Moore v. Moore was cross-appeals from Whitney Moore (Wife) and Arthur Moore, III (Husband) from a family court order valuing and dividing the parties closely held business, Candelabra.
The parties were married in June of 2001 and separated in March 2011. Wife opened up her own lighting and design business (Candelabra) in April 2001. Wife served as the president of Candelabra and was responsible for overseeing all business operations. Husband held the title of vice-president but was not actively involved in the business prior to 2005. In 2005, Husband worked full time at the business to replace his wife while she was on maternity leave. In 2008, Candelabra was struggling as a result of the recession, Wife and Husband begin expanding the business website to offer online purchases. Ultimately the strategy proved successful and currently 80% of Candelabra’s total sales are generated by the website. Wife, in her capacity as President and controlling shareholder (50%) of Candelabra, terminated Husband’s employment in May 2011.
At the hearing, Husband and Wife both claim credit for the website creation process and the attributable success to the business. This Court finds that the evidence supports the Wife’s contention that her prior experience in merchandising was evident in the website’s design. As well, the Court found that Husband vastly overstated his contributions to the implementation and management of the website development.
The primary matter in dispute was the value of Candelabra, and the parties request for attorney’s fees and expert witness fees. Wife and Husband’s expert witnesses opined the value of Candelabra to be between $1.2 mil to $2.9 mil respectively. Wife’s expert opined that 20-25% of Candelabra’s goodwill value was personal to Wife and should not be counted into the material assets. Husband’s expert did not calculate personal goodwill but opined that Wife’s personal good will was perhaps between 5-10%. The family court excluded 10% of the company’s overall goodwill from the material estate to represent Wife’s personal goodwill. The remaining 90%, excluding fixed assets, constituted enterprise goodwill and was included in the marital estate. An equal division was ordered of material assets, proved Wife first option to purchase Husband’s interest in Candelabra, including a 5 year period to pay Husband his share with interest. The court also ordered Wife to pay Husband’s expert witness fees. Both appealed the order.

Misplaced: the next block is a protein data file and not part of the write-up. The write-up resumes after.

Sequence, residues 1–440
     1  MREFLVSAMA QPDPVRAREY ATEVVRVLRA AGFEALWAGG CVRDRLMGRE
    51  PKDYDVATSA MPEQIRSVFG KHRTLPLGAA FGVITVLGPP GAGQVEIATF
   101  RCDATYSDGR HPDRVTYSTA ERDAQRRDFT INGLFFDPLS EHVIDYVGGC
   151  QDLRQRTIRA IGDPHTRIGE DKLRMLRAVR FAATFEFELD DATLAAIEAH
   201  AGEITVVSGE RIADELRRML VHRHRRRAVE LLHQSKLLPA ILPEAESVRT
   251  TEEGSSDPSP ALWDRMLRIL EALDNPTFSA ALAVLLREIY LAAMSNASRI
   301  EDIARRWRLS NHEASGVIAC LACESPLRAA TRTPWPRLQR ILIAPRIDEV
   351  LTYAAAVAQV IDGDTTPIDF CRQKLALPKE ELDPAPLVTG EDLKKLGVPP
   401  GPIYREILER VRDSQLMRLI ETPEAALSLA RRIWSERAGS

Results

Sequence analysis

This Court examined whether enterprise goodwill can be a material asset subject to division; and it followed the majority approach in recognizing enterprise goodwill as martial property subject to equitable division. The Court noted that personal goodwill, which follows the owner and is entirely dependent on the owner’s personal or professional services and skills, is not martial property subject to division. The Court outlined numerous factors as a guideline to help identify the existence and extent of personal or enterprise goodwill.
Using these factors, the Court found that the family court erred in finding only 10% of Candelabra’s goodwill is personal to the wife and assigned 20% of the goodwill value to Wife’s personal goodwill. The Court also adhered to the statutory valuation date of the marital assets, pursuant to S.C. Code 20-3-630 (A) and assigned the date of filing as the valuation date.
The Court affirmed the family court’s equal division of the assets and denied Wife’s request for a greater share of the marital estate. And the Court reversed the family court’s decision to grant Wife five years to purchase Husband’s interest and ordered that payment must be made within ninety days from remittitur to the family court. Finally, the Court reversed the award to Husband of his expert witness fees.
Accordingly, the Court affirms in part and reverses in part the decision of the family court.
In Proctor v. Whitlark & Whitlark, the Court granted certiorari to review the Court of Appeals’ decision in Proctor v. Whitlark & Whitlark, Inc., 406 S.C. 225, 750 S.E.2d 93 (Ct. App. 2013), which held that one engaged in illegal gambling may recover under the South Carolina Unfair Trade Practices Act (“UTPA”) for losses sustained by illegal gambling.
The Court found that our Legislature has enacted specific gambling loss statutes as the exclusive remedy for a gambler seeking recovery of losses sustained by illegal gambling and, thus, one engaged in illegal gambling cannot recover under UTPA. However, based on the distinct facts of this case, the Court found that Respondent may pursue the portion of her UTPA claim for the losses she alleged that she sustained between 1999 and July 1, 2000, the day on which the ban on video poker became effective.